Wireless Internet (Wi-Fi)

The EU aims to promote the Information Society
by developing multiple broadband access platforms, and the
Wireless Local Area Networks (WLANs, also known as Wireless
Fidelity, or Wi-Fi) appear to provide plausible solutions that
are relatively cheaper and faster than Third Generation (3G)
mobile technologies.

The EU's telecommunications market is
the second largest in the world, after the US. In 2002,
the value of the EU market for telecommunications
services was 2.1 billion euro, with the annual growth
rate calculated at 5 per cent.

One of the few bright spots in an
otherwise lagging technology market is the promise of a
fast-evolving service that offers high-speed Internet
connections without the tether of a cable or phone line.
Alongside the telecom service providers' huge investments
into Third Generation (3G) wireless network developments,
the emerging cheap, short-range but super-fast "Wireless
Fidelity" or Wi-Fi networks appear to increasingly steal
the limelight.

Wi-Fi is a local area high-speed
broadband wireless technology that allows users within
the range, or hotspot, network access at up to 11
Megabits per second. The range of the hotspot, depending
on issues such as line of sight, is anywhere between
30-180 meters. In order to access the service, the user
requires a wireless-enabled laptop. Usually, access will
be on a subscription basis, or via a prepaid scratch card
or credit card account, although some services offer free
access. The number of hotspots is increasing around the
world by leaps and bounds.

The most prevalent Wi-Fi technology
today is known as 802.11b. Slower than the 802.11a
standard, it uses the 2.4-gigahertz frequency, which is
mostly unregulated. 802.11a operates in the 5-gigahertz
spectrum.

By 2007, over 20 million people are
expected to use Wireless Local Area Networks (WLANs)
utilising Wi-Fi technology worldwide. In 2001, global
sales of WLAN technology were worth nearly 1 billion
euro. By 2005, this figure is predicted to increase to
4.5 billion euro.  

Ongoing 3G handset delivery problems
and consumer perceptions about mobile network operators
ability to seamlessly migrate from 2G to 3G have directly
impacted on 3Gs reputation, and have thus boosted WLANs
prospects.

3G presents an ever-looming challenge
to Wi-Fi services. Although at lower speeds, 3G - once
matured - will offer seamless roaming and near-global
coverage. However, the two technologies do not as a rule
have to be archrivals: 3G's potential global roaming
services might be complemented by Wi-Fi's cheaper and
faster hotspots.

In line with the EUs policy to promote
the Information Society by developing multiple broadband
access platforms, the
Commission

strongly supports the identification of frequency bands
for wireless access systems at global level. Currently,
most EU Member States restrict outdoor WLAN use fearing
it can interfere with radar, aircraft navigation systems
and earth-sensing satellites. Under recent international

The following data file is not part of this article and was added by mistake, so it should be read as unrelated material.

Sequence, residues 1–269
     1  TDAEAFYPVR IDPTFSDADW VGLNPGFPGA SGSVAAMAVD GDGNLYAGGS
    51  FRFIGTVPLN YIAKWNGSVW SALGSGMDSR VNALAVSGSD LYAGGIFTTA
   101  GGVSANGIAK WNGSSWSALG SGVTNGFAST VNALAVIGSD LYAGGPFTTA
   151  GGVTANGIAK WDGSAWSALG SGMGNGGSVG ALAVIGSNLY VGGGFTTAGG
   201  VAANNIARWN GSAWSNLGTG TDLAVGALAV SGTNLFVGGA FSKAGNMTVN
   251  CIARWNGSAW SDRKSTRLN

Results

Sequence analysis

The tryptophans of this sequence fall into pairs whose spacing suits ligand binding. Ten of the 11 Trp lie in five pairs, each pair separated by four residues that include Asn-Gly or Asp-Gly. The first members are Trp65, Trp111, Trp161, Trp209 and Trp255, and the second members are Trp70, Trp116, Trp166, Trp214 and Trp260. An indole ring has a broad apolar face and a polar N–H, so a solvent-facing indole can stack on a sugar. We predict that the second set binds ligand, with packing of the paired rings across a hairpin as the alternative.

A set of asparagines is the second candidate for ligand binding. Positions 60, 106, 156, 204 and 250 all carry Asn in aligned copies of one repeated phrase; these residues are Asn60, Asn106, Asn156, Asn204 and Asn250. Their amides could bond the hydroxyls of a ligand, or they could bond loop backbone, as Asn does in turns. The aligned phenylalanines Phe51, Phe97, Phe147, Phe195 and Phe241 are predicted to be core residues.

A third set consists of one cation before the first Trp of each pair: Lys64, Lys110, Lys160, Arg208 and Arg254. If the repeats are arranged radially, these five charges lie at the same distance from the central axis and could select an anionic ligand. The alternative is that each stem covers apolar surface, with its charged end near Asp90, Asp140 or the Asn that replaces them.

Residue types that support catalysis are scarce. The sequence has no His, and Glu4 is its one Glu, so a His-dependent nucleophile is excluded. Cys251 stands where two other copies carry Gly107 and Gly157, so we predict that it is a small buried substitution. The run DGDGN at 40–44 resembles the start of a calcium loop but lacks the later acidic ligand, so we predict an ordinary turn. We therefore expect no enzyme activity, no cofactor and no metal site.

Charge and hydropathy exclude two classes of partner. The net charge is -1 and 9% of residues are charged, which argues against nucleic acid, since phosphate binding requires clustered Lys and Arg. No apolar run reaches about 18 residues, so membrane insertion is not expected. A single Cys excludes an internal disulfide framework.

agreements, which offer expanded frequency options for
WLAN operators, countries are asked to ensure that most
WLANs operate indoors. EU officials have said they were
happy with the agreement.

The EU has been urging Member States
to avoid imposing sector-specific conditions on WLAN
services. Instead, the deployment of such networks should
be subject to simple and general authorisations only. The
EU highlights the principle of technological neutrality
and insists on the security and confidentiality of public
communications networks and services.

According to the technology market
research firm
Gartner

, by 2007 over 31 million people will routinely connect
to the Internet via Wi-Fi in public places. The number of
Wi-Fi hotspots will grow from 20,000 worldwide this year
to 120,000 by 2007, according to Gartner.

The Wi-Fi market is facing natural
limits, argues the technology consultancy
Forrester

. Wi-Fi offers services for computer users on the move,
but a mere 10 per cent of Europeans currently own a
laptop, and the numbers rise only slowly. Meanwhile,
hotspot coverage will likely remain patchy for years to
come, roaming will be difficult, and billing systems are
bound to remain incompatible.

Hotspot users are at best "occasional
users", and since this market is exceptionally young and
rife with uncertainty, analysts warn that only a few
hotspots will have enough traffic to generate significant
revenue. With today's WLAN technology, more than 700
Wi-Fi hotspots would be required to cover the same area
as one mobile phone base station. The British consultancy

Cordless

predicts that in a Wi-Fi-enabled UK just 15-20 hotspot
operators will snap 40 per cent of all Wi-Fi revenue.

According to
Pyramid Research

, the next five years will see global Wi-Fi usage grow at
a record pace, reaching 707 million users in 2008.
"However, the rapid growth in Wi-Fi users will be coupled
with equally rapid price erosion," Pyramid said. "Average
revenue per user will drop from 30 dollars per month this
year to 3 dollars per month in 2008."

There are countless questions about
the longer-term viability of Wireless LANs, but their
immediate future looks bright. This despite the fact that
current mobile operators will continue to seek to
maximise their returns from existing infrastructures and
will likely not move rapidly to install new wireless
services and applications.  

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